The term “variants and mutants” refers to changes in a polypeptide or nucleic acid sequence such as amino acid or nucleotide substitutions, insertions, deletions, conservative amino acid changes, polymorphic changes, allelic changes, frame shift changes, truncations, or the like, wherein the variant or mutant protein maintains its native function (here, at least the hydrolysis of cAMP) and wherein the variant or mutant nucleic acid molecule encodes a protein that maintains its native function.
 The term “vector” includes, but is not limited to, plasmids, cosmids, and phagemids.
DETAILED DESCRIPTION OF THE INVENTION
 Second messengers such as cyclic adenosine mono-phosphate (cAMP) and cyclic guanosine mono-phosphate (cGMP)-play important biological roles in modulating the effects of a wide variety of first messengers. For example, cAMP and cGMP are involved in the propagation of a variety of extracellular signals that originate from first messengers such as hormones, light, and neurotransmitters. The steady state intracellular levels of cAMP and cGMP are controlled by their rates of synthesis by cyclases and by their rate of degradation by cyclic nucleotide-specific phosphodiesterases (PDEs).
 PDEs are typically composed of a catalytic domain (approximately 270 amino acids), an N-terminal regulatory domain responsible for binding cofactors, and, in some cases, a C-terminal domain of unknown function. A conserved motif, HDXXHXGXXN, has been found in the catalytic domain of all PDEs. Several families of PDEs have been identified (Beavo (1995) Physiol. Rev. 75, 725-748; Soderling et al. (1998) J. Biol. Chem. 273, 15553-15558; and Fisher et al. (1998) J. Biol. Chem. 273, 15559-15564). PDE families display roughly 35% amino acid sequence identity within their catalytic domain. Isozymes within the same family typically display 75-95% sequence identity in this region. Within a family, there is often greater than 60% sequence identity outside the catalytic domain, whereas across different PDE families, there is little or no sequence similarity.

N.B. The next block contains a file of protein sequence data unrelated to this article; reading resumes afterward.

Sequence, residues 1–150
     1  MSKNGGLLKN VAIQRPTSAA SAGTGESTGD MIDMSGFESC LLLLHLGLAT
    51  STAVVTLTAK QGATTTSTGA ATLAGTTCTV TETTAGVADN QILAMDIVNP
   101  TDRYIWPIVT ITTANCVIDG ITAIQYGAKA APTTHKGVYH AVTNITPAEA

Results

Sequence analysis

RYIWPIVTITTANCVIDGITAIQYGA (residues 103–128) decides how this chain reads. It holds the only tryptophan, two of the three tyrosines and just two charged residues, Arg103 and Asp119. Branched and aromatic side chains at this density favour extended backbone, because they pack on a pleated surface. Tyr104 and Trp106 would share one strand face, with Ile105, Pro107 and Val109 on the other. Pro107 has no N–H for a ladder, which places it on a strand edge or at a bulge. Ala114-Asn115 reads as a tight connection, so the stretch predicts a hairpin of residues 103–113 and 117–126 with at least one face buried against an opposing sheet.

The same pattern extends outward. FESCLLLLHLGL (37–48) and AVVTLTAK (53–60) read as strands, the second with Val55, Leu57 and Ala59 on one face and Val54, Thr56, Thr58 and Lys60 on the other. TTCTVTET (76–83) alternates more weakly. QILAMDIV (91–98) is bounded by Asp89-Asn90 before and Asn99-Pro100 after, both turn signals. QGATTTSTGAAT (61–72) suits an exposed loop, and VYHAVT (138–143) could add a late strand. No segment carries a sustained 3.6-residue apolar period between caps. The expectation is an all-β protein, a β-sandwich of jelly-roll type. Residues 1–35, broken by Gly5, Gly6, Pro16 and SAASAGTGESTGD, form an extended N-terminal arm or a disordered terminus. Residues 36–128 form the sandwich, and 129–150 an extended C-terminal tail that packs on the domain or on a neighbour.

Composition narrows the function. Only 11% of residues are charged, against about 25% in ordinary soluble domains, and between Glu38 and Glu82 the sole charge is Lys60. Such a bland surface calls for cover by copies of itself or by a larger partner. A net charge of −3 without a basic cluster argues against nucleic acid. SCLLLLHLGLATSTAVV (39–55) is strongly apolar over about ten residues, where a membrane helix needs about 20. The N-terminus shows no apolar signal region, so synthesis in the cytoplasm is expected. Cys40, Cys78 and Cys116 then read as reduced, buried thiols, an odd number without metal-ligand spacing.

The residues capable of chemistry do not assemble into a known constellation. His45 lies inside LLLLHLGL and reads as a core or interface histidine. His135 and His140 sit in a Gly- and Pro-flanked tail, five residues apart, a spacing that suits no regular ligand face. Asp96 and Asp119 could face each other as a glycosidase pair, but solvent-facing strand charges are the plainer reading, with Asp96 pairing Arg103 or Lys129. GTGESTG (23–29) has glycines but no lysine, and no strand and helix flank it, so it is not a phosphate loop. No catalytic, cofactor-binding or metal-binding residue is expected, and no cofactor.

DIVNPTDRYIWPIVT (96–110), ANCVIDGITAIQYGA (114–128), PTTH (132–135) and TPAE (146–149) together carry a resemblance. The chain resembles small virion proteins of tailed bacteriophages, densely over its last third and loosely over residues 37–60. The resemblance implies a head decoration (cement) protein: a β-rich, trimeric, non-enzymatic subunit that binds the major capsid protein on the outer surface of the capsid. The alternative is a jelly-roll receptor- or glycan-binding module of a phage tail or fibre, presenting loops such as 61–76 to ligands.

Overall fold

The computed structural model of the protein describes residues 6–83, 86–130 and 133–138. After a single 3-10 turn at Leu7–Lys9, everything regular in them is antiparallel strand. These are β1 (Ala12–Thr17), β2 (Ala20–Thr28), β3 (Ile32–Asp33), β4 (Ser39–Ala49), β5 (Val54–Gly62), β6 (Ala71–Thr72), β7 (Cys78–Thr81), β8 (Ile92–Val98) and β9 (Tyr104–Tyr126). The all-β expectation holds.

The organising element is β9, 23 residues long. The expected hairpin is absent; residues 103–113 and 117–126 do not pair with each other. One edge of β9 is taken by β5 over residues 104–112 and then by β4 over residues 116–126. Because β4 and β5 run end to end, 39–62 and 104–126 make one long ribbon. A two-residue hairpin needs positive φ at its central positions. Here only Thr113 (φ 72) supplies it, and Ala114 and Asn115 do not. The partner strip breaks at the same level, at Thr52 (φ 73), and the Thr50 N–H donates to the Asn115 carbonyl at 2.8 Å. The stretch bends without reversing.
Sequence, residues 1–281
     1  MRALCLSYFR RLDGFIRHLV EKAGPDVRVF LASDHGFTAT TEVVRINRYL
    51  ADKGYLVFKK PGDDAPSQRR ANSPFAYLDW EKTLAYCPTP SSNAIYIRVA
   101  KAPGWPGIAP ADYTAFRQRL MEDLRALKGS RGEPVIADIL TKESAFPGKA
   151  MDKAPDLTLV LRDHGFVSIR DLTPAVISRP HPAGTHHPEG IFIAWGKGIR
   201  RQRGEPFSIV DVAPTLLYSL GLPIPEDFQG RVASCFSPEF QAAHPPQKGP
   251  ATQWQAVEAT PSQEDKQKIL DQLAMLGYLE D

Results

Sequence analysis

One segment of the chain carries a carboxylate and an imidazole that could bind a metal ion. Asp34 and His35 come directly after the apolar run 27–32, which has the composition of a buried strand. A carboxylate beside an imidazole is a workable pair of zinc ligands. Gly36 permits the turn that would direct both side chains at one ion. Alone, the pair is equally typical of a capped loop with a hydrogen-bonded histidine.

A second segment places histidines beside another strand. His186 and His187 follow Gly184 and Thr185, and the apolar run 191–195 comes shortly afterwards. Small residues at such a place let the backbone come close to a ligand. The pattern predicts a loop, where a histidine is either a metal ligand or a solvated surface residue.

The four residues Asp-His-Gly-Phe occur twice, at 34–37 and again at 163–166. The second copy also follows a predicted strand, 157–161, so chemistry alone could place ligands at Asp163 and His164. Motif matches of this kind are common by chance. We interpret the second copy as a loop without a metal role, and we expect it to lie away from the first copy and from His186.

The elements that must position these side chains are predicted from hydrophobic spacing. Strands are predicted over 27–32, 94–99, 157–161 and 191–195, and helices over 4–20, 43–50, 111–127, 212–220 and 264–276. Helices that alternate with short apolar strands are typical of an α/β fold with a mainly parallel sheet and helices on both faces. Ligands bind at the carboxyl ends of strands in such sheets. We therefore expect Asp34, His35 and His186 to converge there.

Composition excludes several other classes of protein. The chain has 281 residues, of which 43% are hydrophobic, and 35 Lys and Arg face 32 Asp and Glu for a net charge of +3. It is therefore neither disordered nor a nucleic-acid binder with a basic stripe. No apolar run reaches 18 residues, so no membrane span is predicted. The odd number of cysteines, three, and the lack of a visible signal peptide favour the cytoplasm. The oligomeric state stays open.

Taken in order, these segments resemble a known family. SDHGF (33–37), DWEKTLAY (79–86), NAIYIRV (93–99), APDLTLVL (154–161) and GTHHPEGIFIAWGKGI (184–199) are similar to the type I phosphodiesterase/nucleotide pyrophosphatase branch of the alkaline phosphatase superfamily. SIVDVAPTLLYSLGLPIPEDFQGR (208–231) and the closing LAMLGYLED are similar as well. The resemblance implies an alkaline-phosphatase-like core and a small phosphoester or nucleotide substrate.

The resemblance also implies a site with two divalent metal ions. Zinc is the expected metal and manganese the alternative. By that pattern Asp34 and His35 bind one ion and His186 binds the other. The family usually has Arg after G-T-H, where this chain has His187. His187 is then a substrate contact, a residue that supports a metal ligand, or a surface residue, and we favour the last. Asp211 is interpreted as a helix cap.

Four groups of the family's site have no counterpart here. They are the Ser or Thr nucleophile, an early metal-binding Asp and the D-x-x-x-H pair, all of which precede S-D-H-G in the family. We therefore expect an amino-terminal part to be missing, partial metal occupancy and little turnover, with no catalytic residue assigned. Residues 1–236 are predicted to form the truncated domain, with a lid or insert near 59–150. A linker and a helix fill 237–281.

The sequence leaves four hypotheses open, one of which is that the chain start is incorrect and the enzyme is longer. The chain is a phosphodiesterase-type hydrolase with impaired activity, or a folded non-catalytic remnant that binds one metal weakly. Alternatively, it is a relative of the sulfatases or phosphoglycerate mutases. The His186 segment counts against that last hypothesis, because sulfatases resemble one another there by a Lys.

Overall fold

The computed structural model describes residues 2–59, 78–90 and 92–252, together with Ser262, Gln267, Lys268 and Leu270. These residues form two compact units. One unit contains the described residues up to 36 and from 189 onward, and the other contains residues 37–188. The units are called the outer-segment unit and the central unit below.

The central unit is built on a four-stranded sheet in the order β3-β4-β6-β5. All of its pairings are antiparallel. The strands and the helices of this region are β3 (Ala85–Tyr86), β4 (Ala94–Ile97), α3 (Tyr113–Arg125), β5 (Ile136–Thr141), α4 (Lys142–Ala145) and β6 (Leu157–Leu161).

In eukaryotes, two distinct classes of PDEs have been identified. Class I enzymes all show significant amino acid sequence conservation within their catalytic domains. Class I PDEs include all currently known families of mammalian PDEs as well as several PDEs from lower eukaryotes such as PDE2 from Saccharomyces cerevisiae and the regA gene product from Dictyostelium discoideum . Class II PDEs, however, share very little amino acid sequence identity with class I PDEs, and thus likely have a different evolutionary origin. Furthermore, class II PDEs are often distinguished by their generally higher K M values (Zoraghi et al. (2001) J. Biol. Chem. 276, 11559-11566). Class II PDEs have been identified in yeast (Nikawa et al. (1987) Mol. Cell. Biol. 7, 3629-3636), the slime mold Dictyostelium discoideum (Lacombe et al. (1986) J. Biol. Chem. 261, 16811-16817), Vibrio fisheri (Dunlap et al. (1993) J. Bacteriol. 175, 4615-4624), and Candida albicans (Hoyer et al. (1994) Microbiology 140, 1533-1542).
 A variety of diseases are thought to result from decreased levels of cyclic nucleotides due to increased PDE activity. Accordingly, PDEs have become highly attractive drug targets over the last several years. A growing number of family-specific and subtype-specific PDE inhibitors are being developed as therapeutic agents for a wide range of diseases such as autoimmune disease (Bielekova et al. (2000) J. Immunol. 164, 1117-1124), arthritis (Kiely et al. (1995) Eur. J. Immunol. 25, 2899-2906), asthma (Barnette (1999) Prog. Drug Res. 53, 193-229), inflammatory diseases (Barnes (2001) Novartis Found. Symp. 234, 255-267) impotency (Langtry et al. (1999) Drugs 57, 967-989) and cancer (Marko et al. (2000) Chem. Res. Toxicol. 10, 944-948). So far, there is limited information about PDEs in kinetoplastids such as Leishmania major.
Polypeptides of the Invention
 One aspect of the present invention is directed to novel, isolated PDE polypeptides from the parasite Leishmania major , designated LmPDE-A (SEQ ID NO: 1), LmPDE-B1 (SEQ ID NO: 3), and LmPDE-B2 (SEQ ID NO: 5). Particular embodiments of the LmPDE polypeptides of the invention include full-length LmPDE-A, LmPDE-B1, and LmPDE-B2 from Leishmania major . In another aspect, the invention relates to fragments of LmPDEs. The invention also provides polypeptides comprising biologically and/or immunologically active fragments of LmPDEs.
 The present invention also relates to variants and mutants of LmPDEs. Mutant alleles of LmPDEs encode mutant forms of LmPDE polypeptides having at least one amino acid substitution, insertion, deletion, truncation, or frame shift. Such mutant forms of polypeptides may not exhibit the same biological activity as wild-type proteins (e.g., they may have less PDE activity or an activity not normally found in LmPDE polypeptides, such as, for example, not functioning as a PDE).